It was without a doubt the most exciting Thursday a football offseason has ever seen. In fact, if not for the Juice riding around in his Bronco for a few hours on LA's freeways after he killed his ex-wife and her boyfriend some years ago, I submit it was the most exciting day in the month of June in the last 20 years (I suppose calling a murder's half-hearted flee from justice exciting is probably in bad taste, so maybe that should be entertaining/compelling/riveting/interesting.). In the last 12 hours, the following took place:
-Colorado will now fly west for all of its conference sporting events.
-USC had their business (almost literally true) smashed to pieces by 67 pages of 8 1/2 X 11 paper.
-Just about every team not in the Pac-10, Big Ten or SEC was involved in a rumor that had them in a new conference.
And Friday could be even more out of control. If Nebraska formally announces they will move to the Big Ten as they are expected to, the next move on the checkers board (this is college football, no one is smart enough to play chess) goes to the Texas bloc (not quite as communist as the old school Eastern Bloc, but still a bloc) or the SEC, if it chooses to make a preemptive strike. Either one of those moves could result in two to five teams making a move to a new conference while destroying an old one. Or nothing could happen and tomorrow could be like the second day of this year's NCAA Tournament. Enjoyable, yes, but ultimately a letdown.
While expansion and its three ring circus with dozens of bears juggling Volkswagens filled with clowns and giraffes has made this offseason one of the most enjoyable, no one is asking the questions that lie beneath the surface of this madness. Things like, is this ultimately good for college football? Or, is this the first major step in the direction of a playoff system? But most importantly, WHAT WILL HAPPEN TO THE SCHEDULE-FILLER CONFERENCES? I'm talking about C-USA, the Sun Belt, the WAC, the MWC and the MAC. THESE TEAMS HAVE TO SURVIVE IN ORDER FOR MOST OF US TO MAKE BOWL GAMES.
And in order for them to survive, they'll need as many people in their, for lack of a better term, conference district. And in districts that include the likes of Bowling Green, Denton and Moscow, that means they need as much square mileage as possible. Right now, the WAC has the jump on everyone because they have something close to 876 billion square miles of real estate, or roughly the planet Mars, so if the Big 12 does indeed collapse, there won't be much time to waste on picking away at the financial road kill that is the group of Kansas, Kansas State, Missouri, Baylor and Iowa State.
First, a few bits of information to consider. Kansas will probably be forced to take near-I-70 partner Kansas State with them. Snatching up this pair will certainly boost basketball prowess for a conference, but not square mileage. Missouri, which has faxed its resume to the Big Ten everyday, three times a day for the last month (and twice a day to the SEC), will be a pretty easy get. Cold reality has just smashed them in the nose and they have realized just how far up shit creek in a sinking Cuban refugee raft they really are. They should be the last phone call a conference makes. And as for Baylor and Iowa State, they're not so much desperate as they are indifferent. They know they're going to suck no matter where they go, which is good news for all the other bad teams, so they should be told where to go rather than asked to join.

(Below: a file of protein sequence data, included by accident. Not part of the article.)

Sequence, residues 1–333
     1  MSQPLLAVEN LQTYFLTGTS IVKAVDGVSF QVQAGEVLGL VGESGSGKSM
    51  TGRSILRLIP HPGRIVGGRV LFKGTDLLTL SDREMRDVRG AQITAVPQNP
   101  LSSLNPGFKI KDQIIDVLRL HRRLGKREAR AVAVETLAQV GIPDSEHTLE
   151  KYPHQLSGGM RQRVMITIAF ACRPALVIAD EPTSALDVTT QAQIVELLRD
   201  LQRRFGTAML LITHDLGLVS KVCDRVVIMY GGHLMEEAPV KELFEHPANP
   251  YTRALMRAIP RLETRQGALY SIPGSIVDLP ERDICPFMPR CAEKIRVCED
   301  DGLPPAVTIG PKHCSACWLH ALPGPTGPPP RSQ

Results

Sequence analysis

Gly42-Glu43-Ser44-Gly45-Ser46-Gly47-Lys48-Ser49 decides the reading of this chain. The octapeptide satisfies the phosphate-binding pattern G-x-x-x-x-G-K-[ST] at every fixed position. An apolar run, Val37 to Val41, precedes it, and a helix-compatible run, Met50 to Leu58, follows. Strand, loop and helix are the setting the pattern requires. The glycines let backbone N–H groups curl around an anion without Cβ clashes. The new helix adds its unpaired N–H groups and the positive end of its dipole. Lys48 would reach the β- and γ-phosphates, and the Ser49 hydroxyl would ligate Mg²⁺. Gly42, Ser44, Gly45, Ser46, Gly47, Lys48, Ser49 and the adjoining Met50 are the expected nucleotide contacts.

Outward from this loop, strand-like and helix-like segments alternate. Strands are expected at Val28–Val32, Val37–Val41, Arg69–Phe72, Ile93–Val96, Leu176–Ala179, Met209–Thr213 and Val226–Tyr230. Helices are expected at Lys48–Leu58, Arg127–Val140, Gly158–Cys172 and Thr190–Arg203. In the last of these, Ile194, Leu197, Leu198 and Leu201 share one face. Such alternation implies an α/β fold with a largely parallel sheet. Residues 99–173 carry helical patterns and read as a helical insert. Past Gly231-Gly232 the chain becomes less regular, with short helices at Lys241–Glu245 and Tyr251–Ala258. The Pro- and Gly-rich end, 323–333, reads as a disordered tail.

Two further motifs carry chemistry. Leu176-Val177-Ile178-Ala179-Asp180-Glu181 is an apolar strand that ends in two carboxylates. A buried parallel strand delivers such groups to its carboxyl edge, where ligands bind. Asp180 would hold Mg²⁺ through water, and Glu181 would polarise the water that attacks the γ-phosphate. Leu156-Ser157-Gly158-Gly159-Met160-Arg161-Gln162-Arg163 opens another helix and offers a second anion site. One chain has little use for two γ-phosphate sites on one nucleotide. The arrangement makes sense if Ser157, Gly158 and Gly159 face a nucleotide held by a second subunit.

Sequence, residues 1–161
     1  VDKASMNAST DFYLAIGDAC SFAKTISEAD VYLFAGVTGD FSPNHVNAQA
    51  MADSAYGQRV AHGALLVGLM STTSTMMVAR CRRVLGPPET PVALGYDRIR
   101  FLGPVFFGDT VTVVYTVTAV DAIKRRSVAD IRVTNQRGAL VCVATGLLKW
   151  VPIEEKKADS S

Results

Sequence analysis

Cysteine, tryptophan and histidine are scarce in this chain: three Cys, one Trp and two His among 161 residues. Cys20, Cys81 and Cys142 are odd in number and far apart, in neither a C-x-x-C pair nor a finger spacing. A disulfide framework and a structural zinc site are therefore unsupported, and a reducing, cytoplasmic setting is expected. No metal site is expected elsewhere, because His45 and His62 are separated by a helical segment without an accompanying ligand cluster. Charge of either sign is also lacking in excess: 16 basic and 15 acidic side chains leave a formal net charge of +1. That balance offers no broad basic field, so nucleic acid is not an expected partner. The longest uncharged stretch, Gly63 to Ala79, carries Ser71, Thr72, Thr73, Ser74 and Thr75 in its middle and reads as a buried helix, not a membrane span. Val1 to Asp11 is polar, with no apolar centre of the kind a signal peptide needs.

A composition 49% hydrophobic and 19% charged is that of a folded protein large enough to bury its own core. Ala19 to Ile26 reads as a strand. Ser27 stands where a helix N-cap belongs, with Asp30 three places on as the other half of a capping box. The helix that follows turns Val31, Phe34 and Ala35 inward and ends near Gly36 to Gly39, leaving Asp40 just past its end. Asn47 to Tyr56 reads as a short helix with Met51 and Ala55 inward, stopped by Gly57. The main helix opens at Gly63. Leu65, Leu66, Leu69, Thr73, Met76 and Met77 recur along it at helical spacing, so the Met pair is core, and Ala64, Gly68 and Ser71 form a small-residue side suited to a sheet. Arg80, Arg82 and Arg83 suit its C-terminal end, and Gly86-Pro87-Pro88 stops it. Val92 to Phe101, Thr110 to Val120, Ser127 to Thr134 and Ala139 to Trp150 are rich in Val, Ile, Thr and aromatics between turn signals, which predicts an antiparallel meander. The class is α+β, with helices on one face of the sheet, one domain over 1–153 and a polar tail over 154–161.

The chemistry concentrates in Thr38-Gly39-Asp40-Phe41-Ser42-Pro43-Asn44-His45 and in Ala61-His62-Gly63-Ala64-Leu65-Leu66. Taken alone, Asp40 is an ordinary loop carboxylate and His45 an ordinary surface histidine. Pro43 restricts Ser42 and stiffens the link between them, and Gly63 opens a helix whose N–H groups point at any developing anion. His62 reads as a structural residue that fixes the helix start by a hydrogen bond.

If I'm in C-USA, I'm making a play for the Kansas schools. Even though basketball doesn't matter in the money game, it would at least boost Memphis' NCAA Tournament resume so they wouldn't have to win the conference tournament every year to go to the NCAAs. More importantly, the four corners of your empire are Manhattan, El Paso, Orlando and Greenville, North Carlina. You now cover the Southeast, parts of Atlantic Seaboard, a few Midwestern states and parts of the Southwest. That's three different time zones, more miles than I want to count and a lot of damn people with which to market you low-level mediocre product.
The Sun Belt could overtake C-USA and become the size of the Ottoman Empire if they add Iowa State. Denton, Texas to Ames, Iowa to Bowling Green, Kentucky to Miami, Florida. You'd need like 425 divisions of the Turkish army to control all of that. And control it they would. Burning villages, genocide, the works. Plus, the addition of the Cyclones gives the conference another football team that is exactly like all of the other football teams and doesn't rock the jon-boat.
As for the MAC, well, I'm pretty sure it doesn't really exist. It's just an ESPN creation to fill a ratings black hole in Tuesday and Wednesday night programming. Apparently, Stump the Schwab just wasn't cutting it in Bristol. Have you ever seen a game involving MAC teams not played during the week? There's a reason they don't have names on their jerseys, it's because only two teams exist.
The WAC and Mountain West don't appear to be so urgent to make a move. The WAC probably would like to find a way to sell Louisiana Tech to someone else, but Ruston just doesn't have the street value it once had. And the MWC enjoys adding nothing, other than the same yearly argument that they belong in the BCS.
So there they are, the ideal scenarios for the schedule-fillers of the world (note: this term does not include Boise St., TCU, Utah, Fresno State in good years, BYU, Air Force and sometimes Houston). The key to survival is square mileage, gentlemen. Or, if massive expansion doesn't happen, it is four $800,000 - $1.2 million contracts to take four road trips a season to receive a vicious beating at the hands of school whose 18-wheeler equipment truck costs more than your school.